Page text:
Simplified
Clay's Kochab's Clock
Polar Alignment Method
For The German Equatorial Mount



This is a very simple method of achieving a very precise polar alignment with the LXD75 mount using the polar scope.  This method will work well for any German Equatorial Mount having a polar scope installed in the mount.  There a few key points to cover to insure you achieve the best possible alignment using this method to align your mount.

1.)  Be sure you have collimated/aligned your polar scope to the R.A.Axis of your mount.  This step will insure your final Polaris position in your polar scope is very accurate.

2.)  It is best to do the alignments without the OTA on the mount as this allows for the R.A. axis to be rotated the full 360 degrees that may be required to align Polaris and Kochab in a straight line.  This can be done with the OTA in place provided the required angle of rotation does not cause collision issues between the mount and the OTA when attempting to achieve the initial alignment of Polaris to Kochab.

3.)  Set the tripod up as you normally would, pointing the mount to magnetic north leveling as you are comfortable with.  A note on leveling the GEM while technically this is not an absolute necessity with the GEM style of telescopic mount.  Getting the mount setup as level as possible can save you time when doing your more precision polar alignments.  Technically a GEM can be out of level and still be polar aligned, once the R.A. axis is aligned and the declination axis set to the correct latitude the mount is correctly polar aligned level or not.  It is just getting to the correct alignments when your GEM is out of level takes more time & work than starting out level.

OK, now that you have covered the basics; your polar scope is
collimated; your tripod and mount are setup and ready to go (latitude set to your location) lets get started on the actual alignment procedure.  Leaving the counterweights and OTA off of your mount, sit yourself in a position where you can sight along the counterweight bar to align Polaris and Kochab up in a straight line along (parallel to) the counterweight bar.  Loosen the R.A. Axis clutch and turn the R.A. axis until you can achieve a straight line between Polaris and Kochab along the edge of the counterweight bar, set the clutch.  Once Polaris and Kochab are lined up sight through your polar scope and use the Alt & Az adjustment bolts to bring Polaris into the small alignment circle on the polar scope cross hair.  OK that's it you're done, your mount is now polar aligned!  You can do a drift alignment procedure to bring your mount to the utmost alignment for long exposure photography, but I have found in my past experiences with doing the Kochab's Clock alignment on my LDX75 I need very little if any adjustment when drift aligning.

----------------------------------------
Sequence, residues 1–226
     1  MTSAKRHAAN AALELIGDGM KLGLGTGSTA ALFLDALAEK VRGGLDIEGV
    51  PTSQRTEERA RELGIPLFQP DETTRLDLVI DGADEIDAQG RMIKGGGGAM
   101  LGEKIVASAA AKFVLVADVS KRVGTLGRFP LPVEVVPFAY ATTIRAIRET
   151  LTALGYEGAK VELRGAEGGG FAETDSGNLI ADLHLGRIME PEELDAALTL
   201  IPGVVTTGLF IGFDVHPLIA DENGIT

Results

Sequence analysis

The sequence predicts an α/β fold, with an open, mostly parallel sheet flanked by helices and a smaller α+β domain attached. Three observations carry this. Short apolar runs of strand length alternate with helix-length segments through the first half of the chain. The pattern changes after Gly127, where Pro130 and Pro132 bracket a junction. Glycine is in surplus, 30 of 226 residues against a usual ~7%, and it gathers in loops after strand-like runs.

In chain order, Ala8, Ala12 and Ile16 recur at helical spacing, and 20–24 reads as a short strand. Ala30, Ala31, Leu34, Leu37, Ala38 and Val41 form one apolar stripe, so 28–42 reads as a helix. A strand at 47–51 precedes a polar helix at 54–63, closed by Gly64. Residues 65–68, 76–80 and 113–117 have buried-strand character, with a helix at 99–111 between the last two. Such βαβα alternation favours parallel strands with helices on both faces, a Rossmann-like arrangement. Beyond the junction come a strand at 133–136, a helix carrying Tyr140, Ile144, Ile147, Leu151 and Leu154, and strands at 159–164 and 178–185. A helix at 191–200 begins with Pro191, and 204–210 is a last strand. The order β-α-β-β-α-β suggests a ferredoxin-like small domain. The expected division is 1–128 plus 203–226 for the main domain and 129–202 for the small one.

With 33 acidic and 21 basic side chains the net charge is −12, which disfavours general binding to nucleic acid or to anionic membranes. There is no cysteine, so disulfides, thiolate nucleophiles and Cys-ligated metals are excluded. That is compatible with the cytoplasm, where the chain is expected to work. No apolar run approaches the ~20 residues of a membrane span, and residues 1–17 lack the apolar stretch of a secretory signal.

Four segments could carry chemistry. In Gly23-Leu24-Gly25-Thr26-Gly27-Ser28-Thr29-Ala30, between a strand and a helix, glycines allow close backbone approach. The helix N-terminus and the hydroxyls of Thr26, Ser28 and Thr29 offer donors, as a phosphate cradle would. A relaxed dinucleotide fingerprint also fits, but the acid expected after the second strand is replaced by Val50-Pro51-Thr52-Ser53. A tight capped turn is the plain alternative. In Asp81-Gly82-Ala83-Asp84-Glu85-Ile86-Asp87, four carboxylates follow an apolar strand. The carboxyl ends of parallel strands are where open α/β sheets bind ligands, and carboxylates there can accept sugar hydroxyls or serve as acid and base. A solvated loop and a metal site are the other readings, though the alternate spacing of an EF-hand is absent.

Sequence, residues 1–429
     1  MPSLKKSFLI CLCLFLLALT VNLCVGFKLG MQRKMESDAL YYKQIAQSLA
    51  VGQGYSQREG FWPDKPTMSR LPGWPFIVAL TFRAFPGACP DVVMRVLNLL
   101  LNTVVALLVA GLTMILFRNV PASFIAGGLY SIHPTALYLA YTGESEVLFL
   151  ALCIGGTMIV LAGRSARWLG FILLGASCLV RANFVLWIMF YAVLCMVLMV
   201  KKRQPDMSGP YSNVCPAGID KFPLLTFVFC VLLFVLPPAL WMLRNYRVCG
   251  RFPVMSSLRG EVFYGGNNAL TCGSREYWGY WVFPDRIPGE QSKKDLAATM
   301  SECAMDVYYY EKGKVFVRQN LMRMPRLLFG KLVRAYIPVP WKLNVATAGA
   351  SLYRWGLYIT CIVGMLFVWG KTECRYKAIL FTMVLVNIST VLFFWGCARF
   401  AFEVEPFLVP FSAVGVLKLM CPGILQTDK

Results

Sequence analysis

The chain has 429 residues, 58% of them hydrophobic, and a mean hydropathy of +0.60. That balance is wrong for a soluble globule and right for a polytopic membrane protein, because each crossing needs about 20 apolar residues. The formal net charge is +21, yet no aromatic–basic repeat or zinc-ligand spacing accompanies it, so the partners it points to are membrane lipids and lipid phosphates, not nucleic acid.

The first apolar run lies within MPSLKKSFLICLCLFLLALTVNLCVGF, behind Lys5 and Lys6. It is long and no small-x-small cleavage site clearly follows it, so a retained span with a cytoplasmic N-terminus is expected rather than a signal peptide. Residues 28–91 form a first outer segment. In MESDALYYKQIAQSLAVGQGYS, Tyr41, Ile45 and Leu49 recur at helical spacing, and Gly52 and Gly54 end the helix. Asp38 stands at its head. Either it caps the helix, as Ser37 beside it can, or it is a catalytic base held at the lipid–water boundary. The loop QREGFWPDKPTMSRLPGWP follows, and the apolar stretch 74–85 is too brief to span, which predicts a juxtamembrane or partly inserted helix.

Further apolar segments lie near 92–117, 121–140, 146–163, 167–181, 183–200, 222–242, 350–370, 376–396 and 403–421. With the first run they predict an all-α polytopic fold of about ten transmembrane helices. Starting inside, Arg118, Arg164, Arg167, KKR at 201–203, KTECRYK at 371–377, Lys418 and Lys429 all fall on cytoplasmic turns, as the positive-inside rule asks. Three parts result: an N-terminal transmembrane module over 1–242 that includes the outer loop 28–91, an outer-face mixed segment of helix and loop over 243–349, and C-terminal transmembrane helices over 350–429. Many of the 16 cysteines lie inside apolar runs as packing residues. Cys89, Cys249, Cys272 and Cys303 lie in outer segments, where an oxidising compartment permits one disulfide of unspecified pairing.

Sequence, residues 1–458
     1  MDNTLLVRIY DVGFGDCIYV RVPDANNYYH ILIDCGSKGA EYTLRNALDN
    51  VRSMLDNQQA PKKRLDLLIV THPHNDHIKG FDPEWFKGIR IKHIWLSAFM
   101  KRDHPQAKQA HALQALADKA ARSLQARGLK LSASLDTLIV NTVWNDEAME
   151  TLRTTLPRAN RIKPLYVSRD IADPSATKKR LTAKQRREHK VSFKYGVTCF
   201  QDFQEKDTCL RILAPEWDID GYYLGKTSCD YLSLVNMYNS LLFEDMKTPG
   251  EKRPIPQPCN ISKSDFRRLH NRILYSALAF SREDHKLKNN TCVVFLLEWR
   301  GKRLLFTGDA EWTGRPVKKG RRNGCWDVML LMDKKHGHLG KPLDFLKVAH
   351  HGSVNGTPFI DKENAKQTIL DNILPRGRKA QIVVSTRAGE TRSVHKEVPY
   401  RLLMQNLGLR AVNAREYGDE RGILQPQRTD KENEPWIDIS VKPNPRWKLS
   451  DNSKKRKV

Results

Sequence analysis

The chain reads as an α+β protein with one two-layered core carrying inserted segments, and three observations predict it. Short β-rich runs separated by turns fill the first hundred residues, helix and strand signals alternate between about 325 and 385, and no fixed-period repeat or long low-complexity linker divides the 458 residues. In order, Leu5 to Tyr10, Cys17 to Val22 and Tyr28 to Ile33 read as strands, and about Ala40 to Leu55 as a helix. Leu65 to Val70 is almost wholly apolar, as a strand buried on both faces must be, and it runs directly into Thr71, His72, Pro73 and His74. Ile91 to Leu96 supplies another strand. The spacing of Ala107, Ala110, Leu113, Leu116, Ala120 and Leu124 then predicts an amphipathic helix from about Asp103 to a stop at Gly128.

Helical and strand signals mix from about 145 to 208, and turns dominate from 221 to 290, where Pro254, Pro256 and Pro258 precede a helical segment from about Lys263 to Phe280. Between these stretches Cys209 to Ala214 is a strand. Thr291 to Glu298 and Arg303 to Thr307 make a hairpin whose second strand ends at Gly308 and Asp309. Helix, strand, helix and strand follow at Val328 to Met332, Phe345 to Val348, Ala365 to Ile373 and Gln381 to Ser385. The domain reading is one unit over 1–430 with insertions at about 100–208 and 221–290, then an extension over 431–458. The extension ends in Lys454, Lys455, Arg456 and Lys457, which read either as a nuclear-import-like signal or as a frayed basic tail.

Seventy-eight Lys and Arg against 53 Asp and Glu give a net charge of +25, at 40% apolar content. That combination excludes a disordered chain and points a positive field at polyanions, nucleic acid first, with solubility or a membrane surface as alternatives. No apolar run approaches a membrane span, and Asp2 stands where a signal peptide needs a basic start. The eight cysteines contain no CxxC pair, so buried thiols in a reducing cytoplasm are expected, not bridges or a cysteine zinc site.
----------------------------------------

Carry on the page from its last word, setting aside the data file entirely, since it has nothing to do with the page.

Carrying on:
I have shot 30  60 stack images of up to 2 minute long exposures frames using this method alone without having star trailing.  If your mount is well tuned and the polar scope well aligned/collimated you too will find this method to be very easy and time saving when setting up for a star gazing/imaging session.  This may sound too easy or good to be true, but believe me I didn't come up with the Clay's Kochab's Clock alignment method, it's been around for a long time.  This is just how I adapted it to the polar scope set up in the LXD75 and similar GEM mounts.  Dr. Clay Sherrod explains what the concept is very well in his article on his method.  Here's a web address where you can find his article.

I have also included some drawings of the LXD75 polar scope as it is set up in the LXD75 mount, as well as how to line everything up.  To check the alignment/collimation of your polar scope simply set the tripod and mount up with out the OTA; counterweights; and counterweight bar removed.  Lower the Alt adjustment and tripod in a position where your can sight a stationary ground/terrestrial target through the polar scope.  Put the X of the cross hair on a marker terrestrial target; release the R.A. clutch and rotate the R.A. axis while sighting your target through the polar scope.  The target should stay centered in the polar scope cross hair, if it does not your polar scope is out of alignment and you will need to align it.  This is done using the 3 Allen head set screws located in the retaining collar holding the polar scope, this is also a good time to turn your polar scope cross hair so the long line with the alignment circle on it to line up straight with the counterweight bar position.  Be careful when tightening the set screws the will strip relatively easily, I recommend replacing them with an after market 'thumb screw' style of collimation/alignment screw.  I check my polar scope alignment about once every 3 or 4 outings and have rarely had to tune it back in.


Good Luck and Clear Skies!

The Mad One
Mark Jordan

39 47' 06" North / 85 46' 10" West




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